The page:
Orchestra Prémaman, expiatory victim of the second hand
The Belgian subsidiary of Orchestra Prémaman extends the closure of stores from 12 to 34.Second-hand and e-commerce are hurting the mid-market.
One tile after another for the Belgian employees of Orchestra Prémaman.Placed at the end of October under judicial reorganization, the childcare and baby clothes sign is now going two notches further in the reduction of the canopy.
Management, which had announced the closure of 12 stores in November, added another 22 stores to the list.Eventually, only 19 Orchestra Prémaman stores should therefore remain in operation, although their future is not 100% guaranteed.
The future does not seem to be brighter for the company, which is also losing its Belgian management.”It’s not a good signal, and even if, within the group, they try to maintain the sign, the question is whether they’ll succeed,” says Myriam Djegham, a permanent employee at the CNE, the Christian employee centre.
In Belgium, Orchestra Prémaman employs 380 workers.The management intends to save 200 jobs and to limit as far as possible the dry layoffs.The first announcement of the closure of 12 stores resulted in 46 departures, with 3 dry layoffs and some 40 transfers to other stores.
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Union and management are scheduled to meet again next Tuesday.In the meantime, the company is looking for buyers for the stores.We’re talking about three potential buyers for “a few stores”, without further details.
This restructuring is part of a broader safeguarding plan initiated by the French parent company last September.This procedure should enable it to restructure its debt (235 million euros at the end of August 2019).In total, between 100 and 150 of the group’s stores are expected to close down worldwide, including 34 in Belgium.
Created in 1995 by Chantal and Pierre Mestre, Orchestra has undoubtedly had eyes bigger than stomach.The French company, which acquired Prémaman in 2012, has developed strongly internationally (Spain, Belgium, Switzerland, Greece, Italy, Morocco, Turkey, Cyprus, China, Russia and the United States).”Our mistake is that we have sinned by over-optimism.From 2010 to 2015, we have recorded strong growth and carried out company buyouts.We didn’t get them up to speed quickly enough and were slow to gain momentum in childcare, a sector where it takes time to be known and recognized,” Pierre Mestre said last September.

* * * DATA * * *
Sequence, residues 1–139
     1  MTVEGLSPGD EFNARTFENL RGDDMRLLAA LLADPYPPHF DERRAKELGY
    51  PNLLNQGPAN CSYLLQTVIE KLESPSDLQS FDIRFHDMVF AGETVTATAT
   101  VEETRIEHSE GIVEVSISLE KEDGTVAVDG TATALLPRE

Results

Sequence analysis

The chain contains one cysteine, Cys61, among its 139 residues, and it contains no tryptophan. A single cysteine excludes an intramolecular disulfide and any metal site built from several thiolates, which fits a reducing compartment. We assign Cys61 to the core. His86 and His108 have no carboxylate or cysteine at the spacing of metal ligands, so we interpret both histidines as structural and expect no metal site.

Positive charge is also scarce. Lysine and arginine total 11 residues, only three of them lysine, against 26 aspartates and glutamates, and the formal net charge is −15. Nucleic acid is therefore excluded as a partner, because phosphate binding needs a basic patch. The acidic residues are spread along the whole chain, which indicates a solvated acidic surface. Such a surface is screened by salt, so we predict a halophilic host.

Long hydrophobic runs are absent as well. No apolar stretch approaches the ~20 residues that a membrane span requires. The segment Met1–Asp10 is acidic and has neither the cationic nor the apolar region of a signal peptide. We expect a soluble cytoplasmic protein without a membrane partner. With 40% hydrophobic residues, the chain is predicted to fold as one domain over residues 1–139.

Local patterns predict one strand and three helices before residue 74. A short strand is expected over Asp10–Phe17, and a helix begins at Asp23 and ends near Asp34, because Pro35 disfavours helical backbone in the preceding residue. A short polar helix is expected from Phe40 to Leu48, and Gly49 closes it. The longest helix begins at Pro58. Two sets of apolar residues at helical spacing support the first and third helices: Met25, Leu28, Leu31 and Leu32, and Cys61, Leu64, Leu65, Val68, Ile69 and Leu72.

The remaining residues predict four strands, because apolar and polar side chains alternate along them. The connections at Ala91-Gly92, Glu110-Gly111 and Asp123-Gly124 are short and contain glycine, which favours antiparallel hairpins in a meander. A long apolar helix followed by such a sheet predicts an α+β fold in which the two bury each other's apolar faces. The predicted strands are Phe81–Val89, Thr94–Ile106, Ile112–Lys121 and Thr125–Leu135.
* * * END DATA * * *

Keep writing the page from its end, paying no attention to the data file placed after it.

The founding president of Orchestra Prémaman also blames the drop in the birth rate, which inevitably weighs on the purchase of childcare articles.But for the experts, it’s a little short.According to them, the childcare sector is above all faced with the spectacular rise of second-hand childcare, pushed to the back by online commerce.
In one year, sales of second-hand juvenile products jumped by 30%.It already accounts for between 15 and 20% of the global market.Not to mention the emergence of leasing applications for childcare equipment (prams, pushchairs, etc.).”The second hand is the biggest disrupter, but it makes economic sense.For years, there has been value creation on expensive products with a very limited life cycle, which has created an economic imbalance,” explains Pierre-Alexandre Billiet, CEO of the trade magazine Gondola.
The boom in the second commercial life of children’s products has led some brands, such as Colruyt subsidiary Dreambaby, to devote part of their shelves to resale.
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Orchestra Prémaman also suffers from its mid-range positioning on the market.”Young parents make much more polarized choices,” says Gino Van Ossel, an expert in the retail sector at Vlerick Business School.Those who can’t afford much turn to actors like Primark.This is evidenced by an explosion in low-cost offerings in recent years.And those who can afford it are more likely to go for high-end brands”.
The expert from the Vlerick School also puts his finger on the lack of success of Orchestra Prémaman in Flanders, where it suffers from a “not very modern” brand image.As a result, all shops in the north of the country are expected to close, with the exception of a sales area in an outlet in Mechelen.
Pierre-Alexandre Billiet also blames the structural heaviness of a company like Orchestra Prémaman.”The market is difficult overall, but in Belgium smaller companies like Torfs do better because they are more flexible and use alliances in case of difficulties”.
Nevertheless, overall, the Belgian childcare market is shrinking.This is reflected in the decline in sales of baby clothing (see table opposite).A large part of the blame lies with online purchases on foreign sites, according to Dominique Michel, CEO of Comeos.”Today, one out of every two online purchases is made abroad.And it’s not over yet: a quarter of the population still doesn’t buy on the Internet,” he says.